Since the current Board of the NLAS is also its first formal Board and there is an AGM coming up in November where many of these people will be replaced, we thought it would be interesting to get each board member to answer a series of questions about themselves and their role with the NLAS. Over the next few weeks we will post each board members response to those questions. The final director in this series is Lori White who is the NLAS Treasurer and Finance Committee Chair.
Excavating on northwestern Baffin Island (Marc Pike).
- What sort of things do you do as the Treasurer and Finance Committee Chair?
As the Treasurer I oversee the financial health and transactions of the NLAS. I am the first person to hold the Treasurer position so much of my work has focused on laying the groundwork for the organization along with my fellow Board members. My tasks include setting up and managing our banking and financial accounts, as well as handling donations, project funds, and membership fees. The Treasurer is also responsible for working with the Board to prepare budgets and reports to meet deadlines by various internal and external agencies.
Along with my fellow Finance Committee members, Elaine Anton and Chelsee Arbour, one of our biggest goals was finally attained in August 2015 when the NLAS became a Registered Charity with the Canada Revenue Agency (woohoo!). So starting next year we can add ‘filing an income tax report’ to the list of duties to the Treasurer’s agenda.
Special projects closely overseen by the Treasurer and Executive include operating the Bookroom at the 2015 Annual Meetings of the Canadian Archaeological Association (CAA) in St. John’s this past spring, and partnering with the CAA to design and produce a chocolate artefact mold. We introduced the ‘NLAS Chocolate Dorset Harpoon Head’ at the CAA meetings in May and they continue to be a successful fundraising product for the NLAS (limited stock still available for $3 each, or 2 for $5; milk or dark chocolate!).
NLAS chocolate Dorset harpoon head. Milk or dark chocolate (Lori White).
While the day-to-day duties for Treasurer may seem boring to some it’s been incredibly rewarding to see our membership grow and our committees successful in our funding applications so that we can offer our membership and the public more archaeology programming and special events.
- What was the most interesting site you have worked on?
I don’t have a favourite site but I have a favourite type of site. I’m most excited about sites focused on founder populations. What circumstances brought the first people to this region? This continent? This island? How did they transport themselves here? Where did they come from? How big was their group? Did they arrive in search of resources, or introduce non-native species? Why did they stay? In some cases, why did they leave or disappear? The sites I’ve personally worked on have all been coastal – Tonga, Fiji, and Baffin Island, with some brief experience on Prince Edward Island and in Labrador. My favourite field seasons have been spent answering some of the above questions alongside a team of multi-disciplinary peers and they’ve been some of the most memorable experiences of my life.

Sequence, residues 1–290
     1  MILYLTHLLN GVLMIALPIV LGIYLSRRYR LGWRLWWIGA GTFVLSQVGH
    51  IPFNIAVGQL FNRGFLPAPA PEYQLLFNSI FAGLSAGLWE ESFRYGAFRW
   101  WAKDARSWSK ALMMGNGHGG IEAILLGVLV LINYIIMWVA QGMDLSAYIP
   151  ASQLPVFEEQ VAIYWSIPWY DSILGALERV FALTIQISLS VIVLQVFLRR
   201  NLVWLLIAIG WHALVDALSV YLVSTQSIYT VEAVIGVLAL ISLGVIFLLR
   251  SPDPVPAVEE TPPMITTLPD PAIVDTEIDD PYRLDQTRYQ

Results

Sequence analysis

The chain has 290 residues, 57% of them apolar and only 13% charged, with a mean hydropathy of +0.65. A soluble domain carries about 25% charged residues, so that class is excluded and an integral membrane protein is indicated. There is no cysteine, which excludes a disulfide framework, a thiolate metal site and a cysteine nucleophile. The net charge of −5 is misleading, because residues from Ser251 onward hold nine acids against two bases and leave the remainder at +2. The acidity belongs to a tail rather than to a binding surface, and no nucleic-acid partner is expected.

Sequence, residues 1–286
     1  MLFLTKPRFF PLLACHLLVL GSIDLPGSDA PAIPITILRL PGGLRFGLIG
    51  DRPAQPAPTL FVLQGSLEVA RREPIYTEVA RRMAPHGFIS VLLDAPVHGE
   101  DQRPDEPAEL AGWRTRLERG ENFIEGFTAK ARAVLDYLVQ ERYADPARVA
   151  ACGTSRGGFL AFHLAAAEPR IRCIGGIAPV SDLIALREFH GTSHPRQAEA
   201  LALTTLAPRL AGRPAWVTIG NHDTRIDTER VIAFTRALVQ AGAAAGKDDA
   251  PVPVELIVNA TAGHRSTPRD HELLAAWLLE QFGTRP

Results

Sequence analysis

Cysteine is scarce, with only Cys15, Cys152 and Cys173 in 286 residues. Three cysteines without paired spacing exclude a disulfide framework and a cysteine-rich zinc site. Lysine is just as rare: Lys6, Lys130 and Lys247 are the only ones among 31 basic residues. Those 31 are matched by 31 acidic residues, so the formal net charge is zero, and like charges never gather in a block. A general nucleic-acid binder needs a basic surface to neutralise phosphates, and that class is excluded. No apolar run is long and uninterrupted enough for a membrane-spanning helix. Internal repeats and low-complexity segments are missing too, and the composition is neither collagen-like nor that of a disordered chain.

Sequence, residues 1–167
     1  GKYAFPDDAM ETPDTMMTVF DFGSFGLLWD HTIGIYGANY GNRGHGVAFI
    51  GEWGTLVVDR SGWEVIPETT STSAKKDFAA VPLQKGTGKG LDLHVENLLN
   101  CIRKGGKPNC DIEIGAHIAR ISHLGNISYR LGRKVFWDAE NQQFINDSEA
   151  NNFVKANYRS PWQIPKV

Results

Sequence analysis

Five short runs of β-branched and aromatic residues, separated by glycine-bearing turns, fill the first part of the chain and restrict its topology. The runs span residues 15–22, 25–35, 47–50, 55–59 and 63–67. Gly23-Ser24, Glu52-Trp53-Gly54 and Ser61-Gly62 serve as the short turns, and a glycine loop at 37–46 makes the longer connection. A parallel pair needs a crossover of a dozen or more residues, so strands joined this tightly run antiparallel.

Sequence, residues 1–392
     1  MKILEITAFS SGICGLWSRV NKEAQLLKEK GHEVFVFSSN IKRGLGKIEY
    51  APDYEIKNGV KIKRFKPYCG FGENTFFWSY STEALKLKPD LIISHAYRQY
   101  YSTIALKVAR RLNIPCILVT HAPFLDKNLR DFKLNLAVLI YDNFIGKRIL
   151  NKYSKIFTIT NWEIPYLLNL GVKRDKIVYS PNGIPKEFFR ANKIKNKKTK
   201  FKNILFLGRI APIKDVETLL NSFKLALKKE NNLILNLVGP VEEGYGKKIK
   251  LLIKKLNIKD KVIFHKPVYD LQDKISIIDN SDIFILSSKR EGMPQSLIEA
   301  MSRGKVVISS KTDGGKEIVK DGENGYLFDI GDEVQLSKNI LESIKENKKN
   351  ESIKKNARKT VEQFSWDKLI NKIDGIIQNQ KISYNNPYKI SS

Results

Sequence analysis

- If you could give yourself one piece of advice to help you along your archaeology path, what would it be?
Get your hands dirty and join an archaeology field project! Whether you are a student wanting to major in archaeology, or someone who simply has an interest in archaeology and travel, there are dozens –if not hundreds– of opportunities around the world to register or volunteer to gain archaeological fieldwork experience as part of your education, hobby, or even your vacation.
A dig will help you gain the skills required to excavate an archaeological site. Field schools offer students an opportunity to find out what they do/don’t like about fieldwork and artefact processing. It’s what cinched the deal for myself and many of my friends and colleagues; it’s where they decided they wanted to continue with active fieldwork to become research or commercial (cultural resource management) archaeologists, proceed with graduate school, become archaeology instructors/professors, technicians, collections managers, curators, and conservators. For laypersons interested in gaining a rich cultural experience while visiting a new destination, or exploring local excavations in areas that offer such programs, the hands-on experience you earn by joining an archaeology dig can be both exciting and rewarding.
I realize fieldwork opportunities often come with a price tag and it’s not always an option for everyone. It would be great to see the NLAS offering a local public archaeology dig program to our members in the future.
Getting dirty on a Northwest Coast fieldschool in Scowlitz, BC.
- When I think about the future of the NLAS, I hope…
The organization continues to grow in membership and enthusiasm so we can implement and expand our huge wish-list of projects and programming; including dig programs, awards, research assistant-ships, field trips, public lecture series, conferences, student internships, a full chocolate box of NL artefact types, and community partnerships… to name just a few.
I also hope the NLAS is around long enough that no one will remember what a pain it was to obtain our Registered Charity status.